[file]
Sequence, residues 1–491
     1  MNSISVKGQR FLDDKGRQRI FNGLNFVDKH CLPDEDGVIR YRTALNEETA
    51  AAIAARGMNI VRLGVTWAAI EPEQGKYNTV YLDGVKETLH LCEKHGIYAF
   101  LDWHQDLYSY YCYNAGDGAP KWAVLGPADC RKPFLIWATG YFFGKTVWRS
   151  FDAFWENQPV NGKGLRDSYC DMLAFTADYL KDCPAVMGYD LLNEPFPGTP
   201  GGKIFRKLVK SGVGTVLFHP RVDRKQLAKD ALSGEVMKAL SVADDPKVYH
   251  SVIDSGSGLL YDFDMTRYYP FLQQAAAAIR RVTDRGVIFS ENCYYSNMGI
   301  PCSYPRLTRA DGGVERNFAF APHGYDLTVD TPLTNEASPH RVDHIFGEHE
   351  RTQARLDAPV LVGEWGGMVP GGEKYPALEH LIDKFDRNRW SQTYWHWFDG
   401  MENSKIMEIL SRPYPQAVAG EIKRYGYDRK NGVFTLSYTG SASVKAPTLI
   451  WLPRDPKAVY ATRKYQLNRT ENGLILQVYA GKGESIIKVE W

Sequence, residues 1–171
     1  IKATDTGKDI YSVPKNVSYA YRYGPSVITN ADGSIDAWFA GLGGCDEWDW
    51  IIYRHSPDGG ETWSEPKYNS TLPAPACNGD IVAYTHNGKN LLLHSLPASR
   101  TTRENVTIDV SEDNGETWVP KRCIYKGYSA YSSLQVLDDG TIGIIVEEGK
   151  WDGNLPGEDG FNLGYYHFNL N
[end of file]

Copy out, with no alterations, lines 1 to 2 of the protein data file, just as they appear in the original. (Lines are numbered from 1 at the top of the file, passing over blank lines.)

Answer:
Sequence, residues 1–491
     1  MNSISVKGQR FLDDKGRQRI FNGLNFVDKH CLPDEDGVIR YRTALNEETA